You would think that being outdoors would cause less than perfect conditions for dancing, but it couldn't have been more perfect! The stage was set up in the center of City Hall and it was huge with brand new marley floor. The weather was beautiful, we were in the shade, and the turn out was amazing (pun intended). The bleachers were filled as soon as we started rehearsing an hour before the show! We had great support and a wonderful reaction from the audience members. They even clapped for us after we marked through the dances during rehearsal. Donald is very hard on us during rehearsal; The movement and the spacing always has to be perfect. So performing for the first time was very, very nerve-racking. Not only do I want to live up to the high standards, but I had just been thrown into this piece less than a week before. At one point when I was off stage I almost forgot where I had to go next, but everything went off without a hitch.

Here are all of the photos that my mom took of the rehearsal and performance:

No pain, no gain is like the motto of dancing for many reasons. It refers to physical pain as well as mental and emotional challenges. There was physical pain at the performance because of the texture of the brand new floor. Since we dance with bare feet, by the end of our rehearsal I had bubbles and blisters all of the bottom of my feet. One girl even had a blister that split open and started bleeding. When we performed, every time I went off stage and came back to reality for a second, I realized that my feet felt like they were on fire. The floor was beautiful and we're so grateful that we had an amazing stage like that, but the point is, the show must go on no matter what happens. I already mentioned the emotional challenge of being nervous and trying to dance up to high standards. Your stomach might be in knots before a performance, but all you can do is try your best and if you truly believe everything will go well, it will. A mental challenge that I constantly have as a "newbie" in the company is remembering so much choreography. Since our performance we've been working on 3 other pieces for future shows; 2 of them were performed last Wednesday, and the newbies are just getting caught up because Donald wants to add us to them. The third piece is called "Bound" and we had to learn that one off of a tape. This seemed like a daunting task at first because you can't slow down a tape and you have to reverse everything. But, I found out that I am really good at picking up choreography quickly that way :)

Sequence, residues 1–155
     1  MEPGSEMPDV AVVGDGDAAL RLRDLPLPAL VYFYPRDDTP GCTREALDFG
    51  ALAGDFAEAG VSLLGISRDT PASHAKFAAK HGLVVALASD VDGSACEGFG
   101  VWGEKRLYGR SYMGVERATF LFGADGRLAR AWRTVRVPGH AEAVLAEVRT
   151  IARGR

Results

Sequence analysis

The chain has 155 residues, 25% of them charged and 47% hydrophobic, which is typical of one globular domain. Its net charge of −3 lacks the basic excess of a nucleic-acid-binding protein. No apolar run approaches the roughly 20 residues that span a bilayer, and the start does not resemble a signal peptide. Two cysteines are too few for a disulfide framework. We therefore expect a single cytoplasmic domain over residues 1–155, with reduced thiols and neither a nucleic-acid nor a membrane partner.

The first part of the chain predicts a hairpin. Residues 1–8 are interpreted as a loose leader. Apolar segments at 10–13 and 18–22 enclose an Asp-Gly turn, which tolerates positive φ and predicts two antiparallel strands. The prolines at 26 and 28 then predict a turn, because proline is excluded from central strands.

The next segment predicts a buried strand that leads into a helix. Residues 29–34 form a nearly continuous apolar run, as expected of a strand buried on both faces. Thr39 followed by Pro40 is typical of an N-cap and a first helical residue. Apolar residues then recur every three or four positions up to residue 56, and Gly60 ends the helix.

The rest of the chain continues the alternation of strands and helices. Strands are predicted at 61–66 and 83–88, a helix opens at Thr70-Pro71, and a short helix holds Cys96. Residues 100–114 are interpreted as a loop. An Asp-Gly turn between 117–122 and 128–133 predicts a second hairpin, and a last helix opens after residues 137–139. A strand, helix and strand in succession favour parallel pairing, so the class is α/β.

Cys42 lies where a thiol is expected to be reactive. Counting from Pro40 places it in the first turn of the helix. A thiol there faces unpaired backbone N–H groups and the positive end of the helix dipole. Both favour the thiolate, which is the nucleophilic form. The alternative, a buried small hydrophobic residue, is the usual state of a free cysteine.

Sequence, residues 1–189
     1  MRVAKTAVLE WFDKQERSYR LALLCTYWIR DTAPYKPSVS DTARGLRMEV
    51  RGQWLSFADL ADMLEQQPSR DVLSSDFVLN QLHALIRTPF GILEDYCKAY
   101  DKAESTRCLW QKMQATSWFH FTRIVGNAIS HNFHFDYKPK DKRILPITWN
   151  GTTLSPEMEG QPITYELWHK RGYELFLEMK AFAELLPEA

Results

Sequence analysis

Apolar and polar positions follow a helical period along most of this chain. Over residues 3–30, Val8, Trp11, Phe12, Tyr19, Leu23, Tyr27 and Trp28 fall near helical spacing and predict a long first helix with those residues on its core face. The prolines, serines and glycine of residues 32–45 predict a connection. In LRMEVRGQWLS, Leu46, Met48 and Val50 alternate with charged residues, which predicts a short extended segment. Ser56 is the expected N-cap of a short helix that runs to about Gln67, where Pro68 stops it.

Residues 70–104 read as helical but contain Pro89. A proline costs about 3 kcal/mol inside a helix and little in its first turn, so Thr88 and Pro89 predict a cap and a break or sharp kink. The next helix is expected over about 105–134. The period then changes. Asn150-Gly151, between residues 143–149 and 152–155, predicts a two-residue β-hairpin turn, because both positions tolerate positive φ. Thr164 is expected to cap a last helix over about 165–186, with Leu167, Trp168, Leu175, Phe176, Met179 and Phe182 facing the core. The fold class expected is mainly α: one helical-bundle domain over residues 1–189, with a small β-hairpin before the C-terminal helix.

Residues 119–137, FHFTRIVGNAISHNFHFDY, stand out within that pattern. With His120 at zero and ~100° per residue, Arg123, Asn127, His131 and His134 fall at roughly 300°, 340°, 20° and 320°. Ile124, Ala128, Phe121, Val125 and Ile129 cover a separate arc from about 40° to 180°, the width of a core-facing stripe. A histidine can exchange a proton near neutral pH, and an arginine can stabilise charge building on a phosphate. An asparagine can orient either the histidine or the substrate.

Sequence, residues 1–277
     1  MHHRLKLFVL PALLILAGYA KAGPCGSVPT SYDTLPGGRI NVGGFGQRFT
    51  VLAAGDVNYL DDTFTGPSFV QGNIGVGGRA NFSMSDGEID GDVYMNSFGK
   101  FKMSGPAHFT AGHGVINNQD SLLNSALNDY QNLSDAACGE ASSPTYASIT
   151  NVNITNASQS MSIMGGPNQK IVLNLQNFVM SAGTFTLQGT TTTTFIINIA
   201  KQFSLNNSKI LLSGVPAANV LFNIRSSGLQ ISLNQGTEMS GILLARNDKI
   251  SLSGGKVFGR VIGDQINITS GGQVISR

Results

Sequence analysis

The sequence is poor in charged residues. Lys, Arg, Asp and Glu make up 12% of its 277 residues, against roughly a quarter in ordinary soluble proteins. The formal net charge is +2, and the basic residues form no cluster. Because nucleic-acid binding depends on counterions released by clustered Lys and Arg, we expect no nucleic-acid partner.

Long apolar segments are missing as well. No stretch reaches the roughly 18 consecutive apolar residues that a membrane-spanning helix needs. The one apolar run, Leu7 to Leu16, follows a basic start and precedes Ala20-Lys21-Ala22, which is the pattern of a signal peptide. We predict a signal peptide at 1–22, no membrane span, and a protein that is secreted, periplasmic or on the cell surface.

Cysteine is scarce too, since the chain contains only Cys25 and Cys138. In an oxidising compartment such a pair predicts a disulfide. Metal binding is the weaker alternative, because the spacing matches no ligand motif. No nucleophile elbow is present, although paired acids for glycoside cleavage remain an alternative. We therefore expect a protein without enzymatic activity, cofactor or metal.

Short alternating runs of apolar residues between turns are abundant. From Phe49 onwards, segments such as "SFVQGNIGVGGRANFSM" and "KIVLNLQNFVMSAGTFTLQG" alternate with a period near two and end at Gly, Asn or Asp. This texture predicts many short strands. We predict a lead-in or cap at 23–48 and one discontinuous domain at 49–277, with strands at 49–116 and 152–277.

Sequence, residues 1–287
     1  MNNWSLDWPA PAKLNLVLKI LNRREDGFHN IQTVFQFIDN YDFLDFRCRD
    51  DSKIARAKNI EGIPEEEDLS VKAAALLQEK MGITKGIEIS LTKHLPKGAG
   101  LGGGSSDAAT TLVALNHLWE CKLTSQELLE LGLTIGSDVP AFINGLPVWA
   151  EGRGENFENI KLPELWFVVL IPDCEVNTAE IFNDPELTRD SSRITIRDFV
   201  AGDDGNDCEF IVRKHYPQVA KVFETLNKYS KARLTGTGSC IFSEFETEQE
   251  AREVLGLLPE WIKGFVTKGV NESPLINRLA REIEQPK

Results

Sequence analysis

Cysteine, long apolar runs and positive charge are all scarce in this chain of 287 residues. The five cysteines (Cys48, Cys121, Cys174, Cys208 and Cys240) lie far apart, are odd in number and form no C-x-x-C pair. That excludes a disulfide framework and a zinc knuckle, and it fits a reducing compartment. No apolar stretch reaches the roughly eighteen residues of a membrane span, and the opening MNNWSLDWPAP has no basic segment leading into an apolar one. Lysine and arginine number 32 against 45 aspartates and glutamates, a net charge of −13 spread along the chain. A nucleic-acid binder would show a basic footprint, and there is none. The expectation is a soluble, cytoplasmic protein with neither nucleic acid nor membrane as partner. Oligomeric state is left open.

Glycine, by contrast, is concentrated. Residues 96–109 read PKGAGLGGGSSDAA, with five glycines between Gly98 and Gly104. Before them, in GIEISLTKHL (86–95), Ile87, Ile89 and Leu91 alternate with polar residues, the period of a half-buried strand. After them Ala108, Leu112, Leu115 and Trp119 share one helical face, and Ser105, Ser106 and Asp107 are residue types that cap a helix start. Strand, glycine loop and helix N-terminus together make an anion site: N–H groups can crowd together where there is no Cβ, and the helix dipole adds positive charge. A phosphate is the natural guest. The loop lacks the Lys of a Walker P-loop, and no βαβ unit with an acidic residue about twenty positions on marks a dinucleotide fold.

As I said earlier, we are currently taking Horton with the one and only, Milton Myers. Milton is a resident teacher and choreographer at Philadanco, and a master of the Horton technique. Horton is probably my favorite style of modern, and I think it's because I like the challenge. I always leave a Horton class sweating and tired, not to mention extremely sore the next day. We do something called laterals where you take your entire torso from side to side, so my abs and sides are killing me! This technique has a lot to do with the torso either bending forward in a flat back, to the side in laterals, or twisting in a spiral. During all of these exercises your legs and pelvis stay stationary and your torso is isolated. That's why a Horton class is such a good workout. The Horton technique is very strong, sharp, and linear, although it may have some other qualities in choreography. It is the foundational technique for modern companies such as Philadanco and Alvin Ailey (Philadanco's sister company). I look forward to building upon what I already know and growing even more in the next 2 classes.

Next week we have modern/contemporary, then Dunham. D2 also has another performance coming up on August 17th, so stay tuned!